Rock purists will instantly source the title of the exhibition at UNLV's Donna Beam Fine Art Gallery, England's Dreaming.
"There is no future/ In England's dreaming," Johnny Rotten cawed in the Sex Pistols' signature anthem, "God Save the Queen." Of the show's three British artists, Paul Hosking, Simon Periton and Neil Rumming, only Periton, born in 1964, is old enough to have been a teenage "moron, a potential H-bomb" in the Pistols' heyday. Hosking and Rumming were tots.
We'll let time judge if Rotten was right, but Hosking, Periton and Rumming, stable-mates at the Karyn Lovegrove Gallery in Los Angeles, offer conflicting evidence. They prove that the 1970s held promise of a brisk and vital British art scene that arose in the '90s, stoked in part by advertising mogul and collector Charles Saatchi, who brought artists such as Damien Hirst and Rachel Whiteread to the fore. Still, each in his way unfolds a grim subtext.
Hosking somewhat recalls Hirst, who made his fame reminding us of untidy subtexts. Instead of Hirst's preserved sections or rotting parts of animals, Hosking offers animal effigies, suspended and twisting as if on meat hooks, and sheathed in mirror-ball tiles. "Disco Boar" (2004) spins languidly in a corner of the gallery, a half-pig prosaically strapped to a seatless chair, scattering reflections. In the balcony, the two-headed "Dancing Bears" (2004) performs a similar service, colored ribbons dangling from its nose rings. These are two edges, meat and merriment, of history's sorry animal husbandry, apparently in service of nothing more noble than a night at a dance club.
The all-seeing eye in the center of Rumming's "The Majestic Lodge" (2003) might know something about this. Not the grand gazer of the American dollar's pyramid but rather the painted peeper of a fashion model, meticulously rendered, it anchors a lush arrangement. Cartoony candles cool before it and layers of marbling overwhelm the arched vault from which its glowing triangle emerges, all within a vaguely Asian, flame-like outline that resolves into a crowned lion at the top. England, indeed, is dreaming if the yellow, X-ray skeleton inside this essential emblem of British royalty means anything.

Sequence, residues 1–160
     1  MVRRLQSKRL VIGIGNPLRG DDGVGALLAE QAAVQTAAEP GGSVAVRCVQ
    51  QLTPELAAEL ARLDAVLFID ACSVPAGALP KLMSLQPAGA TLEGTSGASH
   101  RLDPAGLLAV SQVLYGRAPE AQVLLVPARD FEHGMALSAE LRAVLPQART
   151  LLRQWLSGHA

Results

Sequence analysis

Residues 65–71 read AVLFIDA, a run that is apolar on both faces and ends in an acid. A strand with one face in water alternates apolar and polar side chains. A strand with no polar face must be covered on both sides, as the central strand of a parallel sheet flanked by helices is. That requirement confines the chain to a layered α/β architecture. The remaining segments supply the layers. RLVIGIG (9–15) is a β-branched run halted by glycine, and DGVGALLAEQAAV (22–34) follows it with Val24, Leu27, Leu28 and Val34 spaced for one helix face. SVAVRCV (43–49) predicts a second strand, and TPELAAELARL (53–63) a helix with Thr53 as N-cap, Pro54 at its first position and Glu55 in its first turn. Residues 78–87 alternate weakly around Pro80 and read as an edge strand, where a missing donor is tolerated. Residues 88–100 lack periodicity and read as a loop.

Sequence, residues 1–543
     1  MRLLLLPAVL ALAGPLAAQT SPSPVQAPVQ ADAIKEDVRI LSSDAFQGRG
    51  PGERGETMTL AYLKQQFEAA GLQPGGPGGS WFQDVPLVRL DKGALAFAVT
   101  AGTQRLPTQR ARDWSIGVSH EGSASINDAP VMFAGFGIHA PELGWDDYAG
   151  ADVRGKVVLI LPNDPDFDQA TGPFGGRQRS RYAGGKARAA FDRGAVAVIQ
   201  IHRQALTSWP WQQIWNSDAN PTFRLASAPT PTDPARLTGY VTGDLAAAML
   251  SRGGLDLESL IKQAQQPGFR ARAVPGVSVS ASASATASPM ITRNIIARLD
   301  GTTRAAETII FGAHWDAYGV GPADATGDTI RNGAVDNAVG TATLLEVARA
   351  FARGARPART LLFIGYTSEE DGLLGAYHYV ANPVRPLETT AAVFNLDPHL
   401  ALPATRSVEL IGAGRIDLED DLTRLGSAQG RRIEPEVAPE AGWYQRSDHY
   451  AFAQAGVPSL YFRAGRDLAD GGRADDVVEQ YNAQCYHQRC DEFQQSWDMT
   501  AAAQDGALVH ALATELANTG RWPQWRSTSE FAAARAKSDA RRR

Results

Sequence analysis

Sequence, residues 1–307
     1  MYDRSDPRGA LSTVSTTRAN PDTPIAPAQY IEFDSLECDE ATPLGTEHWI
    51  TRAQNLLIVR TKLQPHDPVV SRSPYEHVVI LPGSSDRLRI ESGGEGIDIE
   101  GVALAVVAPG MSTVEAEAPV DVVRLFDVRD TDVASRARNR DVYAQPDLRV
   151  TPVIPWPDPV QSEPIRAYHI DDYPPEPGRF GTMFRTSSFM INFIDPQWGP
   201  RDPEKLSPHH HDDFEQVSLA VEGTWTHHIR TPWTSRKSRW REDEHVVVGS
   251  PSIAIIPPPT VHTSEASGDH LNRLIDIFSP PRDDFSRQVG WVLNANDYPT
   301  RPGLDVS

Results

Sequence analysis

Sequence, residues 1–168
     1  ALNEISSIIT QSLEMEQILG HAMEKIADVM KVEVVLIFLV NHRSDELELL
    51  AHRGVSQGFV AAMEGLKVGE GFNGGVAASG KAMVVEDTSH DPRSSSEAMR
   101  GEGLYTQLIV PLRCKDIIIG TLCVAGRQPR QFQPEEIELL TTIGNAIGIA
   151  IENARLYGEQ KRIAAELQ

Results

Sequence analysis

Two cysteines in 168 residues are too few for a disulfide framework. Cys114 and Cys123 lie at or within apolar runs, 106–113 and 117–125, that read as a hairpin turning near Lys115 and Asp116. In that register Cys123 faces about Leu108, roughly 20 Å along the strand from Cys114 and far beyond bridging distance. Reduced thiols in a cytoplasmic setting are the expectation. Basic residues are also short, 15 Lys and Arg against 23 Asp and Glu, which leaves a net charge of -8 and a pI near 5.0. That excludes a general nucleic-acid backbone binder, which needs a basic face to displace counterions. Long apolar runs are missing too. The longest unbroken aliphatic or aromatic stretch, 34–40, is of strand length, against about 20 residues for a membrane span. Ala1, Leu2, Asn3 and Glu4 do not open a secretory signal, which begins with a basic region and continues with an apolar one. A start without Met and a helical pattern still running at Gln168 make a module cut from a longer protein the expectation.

A similarly stylized candle centers an hourglass form in Rumming's "The Measure of Fear" (2003). This one, though, is lit and its thin trails of smoke curl behind two large crystals, each with a menacing, photo-realist cobra inside. These candles have the pop-cult, Ye Olde England resonance of a Harry Potter movie, and in both paintings they suggest a whimsical view of British history.
Periton presents yet another. Lace is not specifically British, of course, but something about it is essentially Victorian—lace curtains and doilies. Periton's large-scale cutouts put the lie to the gothic-tracery fineness of that age, and to satisfied frippery of all types. Instead of snowflake patterns, Periton's multilayered, loosely hanging sheets are asymmetric arrangements of squiggles, scrawled images and words, an anxious doodler's meeting notes. The under-layers, in different colors and shiny foils, echo the top layer, edging its lines and shifting as you move, casting complex shadow patterns on the wall.
The triptych "The Look of Love" (2004) comprises pairings of green, pink and blue under black, with gold foil lending a sheen that gives the composition a neon intensity. "Champagne Manifesto" mutes its tones with a vellum-like outer layer, and the colors occupy blocky regions below. You can spend all day trying to decipher images and words in these works, and in a way, you'd be indulging their subversive properties by doing so.
Organized by gallery curator Jerry Schefcik, England's Dreaming hardly constitutes a survey, or even a representative sample of contemporary British art. The work is, in some sense, very West Coast. But the show has a prickly core that is pure John Bull or, rather, John Lydon.